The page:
33 So why even consider them? Lamport uses this method in his Paxos system, which implements lock-step replication of components Called the “State Machine” approach Can be shown to achieve consensus as defined in FLP, including safety property Castro and Liskov use Byzantine Agreement for even greater robustness

34 Byzantine Quorums This is an extreme form of replication Robust against failures Tolerates Byzantine behavior by members Increasingly seen as a good choice when compromises are simply unacceptable

35 Typical approach? These use a quorum size of √N Think of the group as if it was arranged as a square Any “column” is a read quorum Any “row” is a write quorum Then use Byzantine Agreement (not 3PC) to perform the updates or to do the read

36 Costs? Benefits? The costs are very high Byzantine protocol is expensive And now we’re accessing √N members But the benefits are high too Robust against malicious group members Attacks who might change data on wire Accidental data corruption due to bugs Slow, but fast enough for many uses, like replicating a database of security keys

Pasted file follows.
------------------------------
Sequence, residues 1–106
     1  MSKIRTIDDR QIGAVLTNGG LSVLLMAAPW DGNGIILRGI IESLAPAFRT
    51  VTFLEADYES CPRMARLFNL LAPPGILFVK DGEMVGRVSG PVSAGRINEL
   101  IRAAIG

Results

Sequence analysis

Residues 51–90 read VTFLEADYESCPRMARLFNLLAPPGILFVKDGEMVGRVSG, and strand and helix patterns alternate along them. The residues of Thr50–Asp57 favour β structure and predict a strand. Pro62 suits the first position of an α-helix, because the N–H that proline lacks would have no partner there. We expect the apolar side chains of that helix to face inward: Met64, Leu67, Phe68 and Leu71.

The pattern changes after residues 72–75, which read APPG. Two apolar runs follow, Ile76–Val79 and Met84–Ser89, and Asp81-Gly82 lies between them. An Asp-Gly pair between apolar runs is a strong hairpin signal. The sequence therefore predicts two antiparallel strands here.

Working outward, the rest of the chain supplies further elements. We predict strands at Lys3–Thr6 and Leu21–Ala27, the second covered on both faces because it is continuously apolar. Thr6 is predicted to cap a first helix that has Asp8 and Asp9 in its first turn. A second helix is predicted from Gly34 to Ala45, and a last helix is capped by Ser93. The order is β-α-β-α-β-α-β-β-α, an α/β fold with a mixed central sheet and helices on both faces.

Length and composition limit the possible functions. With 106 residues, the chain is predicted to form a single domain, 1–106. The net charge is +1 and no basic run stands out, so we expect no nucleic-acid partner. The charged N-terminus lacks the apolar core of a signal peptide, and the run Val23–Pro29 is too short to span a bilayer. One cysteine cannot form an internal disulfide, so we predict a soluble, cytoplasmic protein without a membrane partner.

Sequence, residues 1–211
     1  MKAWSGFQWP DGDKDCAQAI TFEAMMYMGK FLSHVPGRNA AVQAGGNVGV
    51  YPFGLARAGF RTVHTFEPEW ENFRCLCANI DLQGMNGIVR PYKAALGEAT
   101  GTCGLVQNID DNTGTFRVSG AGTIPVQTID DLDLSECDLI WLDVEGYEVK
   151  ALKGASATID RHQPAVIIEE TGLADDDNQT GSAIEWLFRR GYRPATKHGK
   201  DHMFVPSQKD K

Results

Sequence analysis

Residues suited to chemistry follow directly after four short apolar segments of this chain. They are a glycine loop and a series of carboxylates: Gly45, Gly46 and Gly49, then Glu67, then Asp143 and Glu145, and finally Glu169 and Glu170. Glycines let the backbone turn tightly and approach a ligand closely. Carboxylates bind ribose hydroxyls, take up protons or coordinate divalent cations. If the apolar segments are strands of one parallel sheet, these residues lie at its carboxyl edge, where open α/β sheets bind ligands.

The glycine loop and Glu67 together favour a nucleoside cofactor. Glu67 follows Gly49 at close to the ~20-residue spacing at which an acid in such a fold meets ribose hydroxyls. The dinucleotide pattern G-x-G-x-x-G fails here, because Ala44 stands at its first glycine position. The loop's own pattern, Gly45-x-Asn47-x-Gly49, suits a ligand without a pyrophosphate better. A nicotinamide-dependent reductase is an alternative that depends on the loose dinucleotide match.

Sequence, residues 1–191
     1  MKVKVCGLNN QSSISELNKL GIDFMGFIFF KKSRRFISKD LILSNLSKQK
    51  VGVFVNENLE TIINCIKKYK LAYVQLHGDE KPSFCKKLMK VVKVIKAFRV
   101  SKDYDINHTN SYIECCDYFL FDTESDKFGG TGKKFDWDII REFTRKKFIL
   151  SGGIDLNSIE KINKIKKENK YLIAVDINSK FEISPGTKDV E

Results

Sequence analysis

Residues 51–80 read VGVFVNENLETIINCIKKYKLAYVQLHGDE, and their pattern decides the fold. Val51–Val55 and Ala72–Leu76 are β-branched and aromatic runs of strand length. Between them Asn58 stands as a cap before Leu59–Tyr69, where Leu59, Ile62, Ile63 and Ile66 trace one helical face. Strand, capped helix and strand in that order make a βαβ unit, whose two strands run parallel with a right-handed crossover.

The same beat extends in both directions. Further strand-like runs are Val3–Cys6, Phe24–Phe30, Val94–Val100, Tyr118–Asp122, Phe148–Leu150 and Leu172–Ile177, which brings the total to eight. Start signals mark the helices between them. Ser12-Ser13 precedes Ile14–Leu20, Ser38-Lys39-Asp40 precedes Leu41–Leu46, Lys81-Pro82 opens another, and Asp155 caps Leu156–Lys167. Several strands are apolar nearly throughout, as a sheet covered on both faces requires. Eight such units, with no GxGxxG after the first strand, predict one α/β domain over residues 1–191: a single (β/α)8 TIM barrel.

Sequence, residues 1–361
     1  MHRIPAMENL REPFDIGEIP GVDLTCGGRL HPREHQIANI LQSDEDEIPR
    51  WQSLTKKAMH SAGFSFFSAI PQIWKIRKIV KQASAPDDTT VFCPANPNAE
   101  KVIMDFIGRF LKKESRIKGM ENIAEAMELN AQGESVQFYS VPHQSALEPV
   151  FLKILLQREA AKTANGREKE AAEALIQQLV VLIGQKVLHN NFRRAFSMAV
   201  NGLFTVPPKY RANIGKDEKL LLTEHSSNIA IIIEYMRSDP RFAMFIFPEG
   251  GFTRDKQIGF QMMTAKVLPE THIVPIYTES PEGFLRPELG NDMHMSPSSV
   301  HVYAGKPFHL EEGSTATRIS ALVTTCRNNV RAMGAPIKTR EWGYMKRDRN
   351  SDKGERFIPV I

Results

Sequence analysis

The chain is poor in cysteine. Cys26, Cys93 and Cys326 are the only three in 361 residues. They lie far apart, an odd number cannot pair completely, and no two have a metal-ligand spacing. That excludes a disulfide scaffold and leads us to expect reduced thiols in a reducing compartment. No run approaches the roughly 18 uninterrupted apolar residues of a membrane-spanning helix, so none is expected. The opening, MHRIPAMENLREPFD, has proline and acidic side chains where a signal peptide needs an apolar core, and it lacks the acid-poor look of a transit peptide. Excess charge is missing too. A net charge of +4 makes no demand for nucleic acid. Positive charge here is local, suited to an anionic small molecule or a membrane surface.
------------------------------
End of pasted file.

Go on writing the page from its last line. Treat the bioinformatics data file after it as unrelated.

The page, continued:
37 Virtual synchrony Best option if performance is a key goal Can do a flush before acting on an incoming multicast if the action will be externally visible (if it “really matters”) But not robust against Byzantine failures Has been more successful in real-world settings, because real-world puts such high value on performance

38 State Machines Paxos system implements them, using a quorum method In fact has many optimizations to squeeze more performance out of the solution Still rather slow compared to virtual sync. But achieves “safe abcast” and for that, is cheaper than abcast followed by flush Use it if dynamic uniformity is required in app. E.g. when service runs some external device

39 Take away? We can build groups in two ways With dynamic membership With static membership (the former can also emulate the latter) (the latter can be extended with Byz. Agreement) Protocols support group data replication Tradeoff between speed and robustness User must match choice to needs of the app.